But as he was from rural Iowa, he knew how to get better connected with the community. These newcomers, mostly immigrants and refugees, did not know, he said, adding that organizations and churches in town wanted to get connected to those groups.

He and his wife talked about how much they appreciated the different cultures. They wondered whether that meant they should live abroad.

“We decided we were going to stay there and we started an organization called The Bridge,” Dahlhauser said. “And what we wanted to be is a relationship bridge – a connection, a meeting point – for people to be able to understand each other and get to know each other.”

The Bridge has neighborhood centers were people of the community get to know each other. They also have orientations for people wanting to get involved. One activity at these orientations is challenging volunteers to think about their own majority culture and what’s unique about it.

“There are unique things about our culture (in) independent farm communities,” Dahlhauser said. “I say ‘independent’ because we are fairly independent, right? We may give a farmer wave, but we usually try to have all the tools of our own and not have to borrow them too much, unless there’s a time of crisis, (then) we’ll maybe lean on our neighbor or something like that. We’re willing to help if we need to.”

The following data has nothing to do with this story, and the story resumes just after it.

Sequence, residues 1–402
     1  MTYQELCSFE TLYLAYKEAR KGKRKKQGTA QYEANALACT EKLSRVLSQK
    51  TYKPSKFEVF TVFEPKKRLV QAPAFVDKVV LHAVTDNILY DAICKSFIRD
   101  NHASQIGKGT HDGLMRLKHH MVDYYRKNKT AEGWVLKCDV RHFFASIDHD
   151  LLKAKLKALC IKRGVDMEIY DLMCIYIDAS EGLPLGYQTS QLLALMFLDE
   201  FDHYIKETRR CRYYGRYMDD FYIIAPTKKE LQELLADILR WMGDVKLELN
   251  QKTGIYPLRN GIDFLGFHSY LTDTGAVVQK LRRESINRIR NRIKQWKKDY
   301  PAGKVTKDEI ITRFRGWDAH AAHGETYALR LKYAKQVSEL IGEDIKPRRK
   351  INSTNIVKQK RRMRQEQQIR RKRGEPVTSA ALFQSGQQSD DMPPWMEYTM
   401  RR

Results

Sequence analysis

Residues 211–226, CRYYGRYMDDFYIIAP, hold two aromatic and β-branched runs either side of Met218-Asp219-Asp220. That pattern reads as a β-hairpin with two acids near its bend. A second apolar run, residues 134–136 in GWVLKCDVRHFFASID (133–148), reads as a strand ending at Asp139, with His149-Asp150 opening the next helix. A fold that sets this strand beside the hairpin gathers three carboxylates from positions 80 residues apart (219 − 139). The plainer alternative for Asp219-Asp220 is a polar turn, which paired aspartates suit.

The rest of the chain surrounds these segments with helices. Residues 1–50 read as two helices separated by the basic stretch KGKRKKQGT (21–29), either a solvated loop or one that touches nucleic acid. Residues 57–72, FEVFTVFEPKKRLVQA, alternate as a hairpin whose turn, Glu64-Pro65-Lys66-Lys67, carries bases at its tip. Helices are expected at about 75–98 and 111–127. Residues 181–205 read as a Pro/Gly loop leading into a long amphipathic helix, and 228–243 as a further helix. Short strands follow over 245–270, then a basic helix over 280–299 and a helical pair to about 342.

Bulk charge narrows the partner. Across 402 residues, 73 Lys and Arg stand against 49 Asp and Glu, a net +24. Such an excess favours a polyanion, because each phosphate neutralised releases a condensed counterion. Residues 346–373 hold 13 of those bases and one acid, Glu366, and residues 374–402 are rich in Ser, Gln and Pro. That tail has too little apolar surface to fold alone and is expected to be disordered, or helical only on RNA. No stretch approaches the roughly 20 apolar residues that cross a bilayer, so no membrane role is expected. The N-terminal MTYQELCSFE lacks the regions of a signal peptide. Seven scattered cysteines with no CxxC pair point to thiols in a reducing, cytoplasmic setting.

He had moved into a diverse neighborhood in Storm Lake and realized he needed to be more dependent on the community, he said.

“So I purposefully didn’t buy a weed trimmer, you know, things like that,” Dahlhauser said. “And so we need to start leaning on each other and looking at gifts and talents of other people and kind of (depend) less on ourselves.”

He described neighborhood nights held throughout the summer that are potluck style get-togethers that The Bridge does.

“We go into a neighborhood and people bring their cultural food,” Dahlhauser said. “It’s just something where everybody brings something to the table and you sit around and have community. That’s a big thing for me.”

Gabriel Torres, an insurance agent in Spencer, said he has had a similar experience to what Dahlhauser shared.

“I’ve noticed that if I bring a plate of food over to somebody, they’re very welcoming,” Torres said.

On the other hand, he said he gets a lot of looks when he’s out in the community with his wife, who he said is not white but has a lighter skin complexion than he does.

“They kind of look and gotta see what’s going on there,” he said.

But as soon as he approaches them and speaks with them, that barrier comes down. He said that helps break any stereotypes people may hold against him.

“I’m not the gang member; I’m not the illegal immigrant that comes over here to take your job,” he said. “I’m just a normal guy in the society trying to make a difference not only for me, for the community but also for my family.”

Dumala said that Torres brought up an important point to make about seeing yourself in other people, opening up, ask questions and learn.

“Learning and educating yourself is how you bridge those gaps,” Dumala said.

From the Philippines to Spencer

Francesca Yu said she has had a great experience in meeting others and feeling more welcome in Spencer.

She had always wanted to work in the US, she said, but had never heard of Spencer before moving here.

Yu arrived in November 2017. She remembers it was very cold.

“The first thing I said to myself when I got here was, Why did I choose this place?” Yu said. “I really wanted to turn back.”